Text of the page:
Red Tide hits beaches in Sebastian, Vero Beach

Red Tide seen in Sebastian, Vero Beach, Florida.
Red Tide seen in Sebastian, Vero Beach, Florida.

SEBASTIAN – Just a few hours after Sebastian Daily broke the news that Red Tide was seen in Vero Beach south of the Sebastian Inlet, Indian River County officials say they were working to “assess conditions.”

“There are indications that Red Tide has reached Indian River County and we are working closely with the Indian River County Department of Health to assess conditions,” a statement reads from officials.

“There have been reports of sporadic dead fish and mild respiratory irritation. There are no Indian River County beach closures at this time. The Department of Health is collecting samples for both confirmation and the potential level of Red Tide based on the number of organisms present,” the statement read.

While the Sebastian Inlet appeared to be fine early Monday, several people in Vero Beach contacted Sebastian Daily to report the existence of Red Tide on several beaches.

“We’ve been coughing all morning, and it’s only been worse since we walked the beach this morning,” a Vero Beach resident told Sebastian Daily.

Many people also questioned why the county never warned residents or didn’t close the beaches.

Red Tide along Vero Beach.
Red Tide along Vero Beach.

“Lifeguards at tracking station are wearing masks because it’s so bad,” Lifeguard Michael Flinn told Sebastian Daily.

The lifeguard tracking station is south of John’s Island and 1 mile north of Jaycee Beach.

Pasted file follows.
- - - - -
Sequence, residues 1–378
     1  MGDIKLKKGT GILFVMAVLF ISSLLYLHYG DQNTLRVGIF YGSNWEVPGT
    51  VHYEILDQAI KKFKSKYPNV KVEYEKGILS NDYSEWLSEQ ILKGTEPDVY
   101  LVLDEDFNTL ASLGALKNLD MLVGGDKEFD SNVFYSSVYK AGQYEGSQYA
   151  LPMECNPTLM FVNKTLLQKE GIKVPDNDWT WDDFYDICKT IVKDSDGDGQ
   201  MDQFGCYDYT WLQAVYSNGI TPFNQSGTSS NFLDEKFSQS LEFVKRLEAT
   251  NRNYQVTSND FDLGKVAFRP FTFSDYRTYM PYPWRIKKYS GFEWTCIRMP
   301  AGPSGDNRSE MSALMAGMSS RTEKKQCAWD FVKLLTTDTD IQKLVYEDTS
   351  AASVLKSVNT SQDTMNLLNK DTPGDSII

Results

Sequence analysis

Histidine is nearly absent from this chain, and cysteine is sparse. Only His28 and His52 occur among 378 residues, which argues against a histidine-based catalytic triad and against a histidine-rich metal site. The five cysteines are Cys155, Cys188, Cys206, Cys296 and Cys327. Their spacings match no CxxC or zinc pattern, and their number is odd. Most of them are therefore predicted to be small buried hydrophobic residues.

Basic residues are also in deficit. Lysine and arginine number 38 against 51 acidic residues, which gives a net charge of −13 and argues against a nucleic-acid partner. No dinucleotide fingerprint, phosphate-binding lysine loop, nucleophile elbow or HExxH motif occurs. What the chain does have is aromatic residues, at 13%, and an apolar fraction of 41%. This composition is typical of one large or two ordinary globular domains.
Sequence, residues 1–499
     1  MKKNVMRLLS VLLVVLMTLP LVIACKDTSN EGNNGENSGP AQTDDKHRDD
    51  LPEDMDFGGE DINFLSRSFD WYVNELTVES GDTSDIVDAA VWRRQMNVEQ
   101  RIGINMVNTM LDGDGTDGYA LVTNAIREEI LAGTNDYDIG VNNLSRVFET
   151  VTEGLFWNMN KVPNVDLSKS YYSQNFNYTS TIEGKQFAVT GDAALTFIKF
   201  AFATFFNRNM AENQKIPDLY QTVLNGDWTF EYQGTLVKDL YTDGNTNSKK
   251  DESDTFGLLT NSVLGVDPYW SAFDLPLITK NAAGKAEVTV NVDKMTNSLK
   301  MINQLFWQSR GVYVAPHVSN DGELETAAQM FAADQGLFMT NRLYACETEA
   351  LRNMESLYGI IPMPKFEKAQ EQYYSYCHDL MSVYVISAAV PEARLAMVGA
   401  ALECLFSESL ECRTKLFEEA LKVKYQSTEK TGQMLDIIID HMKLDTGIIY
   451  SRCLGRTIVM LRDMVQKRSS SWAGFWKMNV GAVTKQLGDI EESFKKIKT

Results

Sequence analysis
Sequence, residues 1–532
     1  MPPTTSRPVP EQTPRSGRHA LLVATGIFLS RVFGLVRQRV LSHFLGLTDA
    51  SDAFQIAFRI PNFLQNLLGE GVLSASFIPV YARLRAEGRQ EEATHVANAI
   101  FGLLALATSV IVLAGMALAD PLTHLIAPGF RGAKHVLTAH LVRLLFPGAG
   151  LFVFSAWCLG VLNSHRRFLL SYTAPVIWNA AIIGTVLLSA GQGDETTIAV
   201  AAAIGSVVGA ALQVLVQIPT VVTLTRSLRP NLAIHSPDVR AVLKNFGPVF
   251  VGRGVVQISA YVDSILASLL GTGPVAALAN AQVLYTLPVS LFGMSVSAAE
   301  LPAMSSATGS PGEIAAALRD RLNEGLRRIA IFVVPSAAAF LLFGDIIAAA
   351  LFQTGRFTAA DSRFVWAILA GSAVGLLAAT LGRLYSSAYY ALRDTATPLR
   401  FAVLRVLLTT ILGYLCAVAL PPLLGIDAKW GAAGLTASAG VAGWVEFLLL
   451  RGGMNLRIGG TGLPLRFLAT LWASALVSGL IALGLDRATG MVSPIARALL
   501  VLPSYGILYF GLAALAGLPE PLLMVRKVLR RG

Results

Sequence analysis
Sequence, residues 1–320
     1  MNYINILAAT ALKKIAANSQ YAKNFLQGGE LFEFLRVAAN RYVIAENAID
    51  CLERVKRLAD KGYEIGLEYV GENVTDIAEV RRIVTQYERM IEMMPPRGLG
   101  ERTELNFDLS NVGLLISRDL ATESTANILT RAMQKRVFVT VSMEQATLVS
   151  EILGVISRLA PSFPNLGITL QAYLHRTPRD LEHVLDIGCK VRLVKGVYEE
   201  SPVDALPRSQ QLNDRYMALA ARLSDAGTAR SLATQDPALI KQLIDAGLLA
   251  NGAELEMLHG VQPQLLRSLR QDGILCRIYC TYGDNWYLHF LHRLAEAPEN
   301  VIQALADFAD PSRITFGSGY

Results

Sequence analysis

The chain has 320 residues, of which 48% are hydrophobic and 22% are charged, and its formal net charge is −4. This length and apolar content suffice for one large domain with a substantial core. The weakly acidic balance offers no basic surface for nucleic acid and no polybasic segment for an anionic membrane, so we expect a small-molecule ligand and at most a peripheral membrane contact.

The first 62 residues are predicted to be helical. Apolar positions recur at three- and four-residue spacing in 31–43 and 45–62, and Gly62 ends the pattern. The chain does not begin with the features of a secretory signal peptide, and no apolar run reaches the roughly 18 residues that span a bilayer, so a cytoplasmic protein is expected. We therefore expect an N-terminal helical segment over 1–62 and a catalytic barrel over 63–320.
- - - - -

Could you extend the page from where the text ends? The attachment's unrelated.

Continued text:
On Monday afternoon, Sebastian Daily investigated the beach south of John’s Island, which appeared to show signs of red tide. There were dead fish on the beach, the air made us cough, and we now have sore throats.

Sebastian Daily contacted the FWC Monday afternoon based on our observations along the beach just south of John’s Island.

Local residents say it’s Red Tide as they have experienced this in the past.

“It’s definitely Red Tide, you can smell it, makes you cough,” John Naft told Sebastian Daily.

“We’ve seen it before, I don’t know, ten years ago, it was even worse than this,” Naft added.

Towards late afternoon, there are indications that Red Tide is now in Sebastian.

The Department of Health cautionary recommendations for Red Tide:

  • People, especially those with respiratory issues, are encouraged to stay away from the beaches if possible for the next 2-10 days. Persons may experience throat irritation and/or coughing if directly exposed to Red Tide.
  • Higher wind or tides can spread it more quickly.
  • Dead fish are not to be eaten! Be cautious with any fish caught from the southeastern coast of Florida.
  • Do not consume shellfish of any kind caught in this area until it passes.
  • Please visit for more information.

We will continue to update the status of Red Tide as more information becomes available.

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About Andy Hodges 2821 Articles
Andy Hodges was born in Annapolis, Maryland, and raised in Jupiter, Florida. He has been a radio and TV personality since the mid-1980s. He has worked for WFLX-TV (Fox 29), WIRK, WLIZ, WIXI, WKSY, WRMF, and others. In 1994, Andy took a break from broadcasting and was a software and systems engineer for various companies. In 2002, he permanently moved back to Sebastian, where Andy's family has lived for over 45 years. He returned to the broadcasting sector in 2005. Andy joined Sebastian Daily as our editor-in-chief in 2016.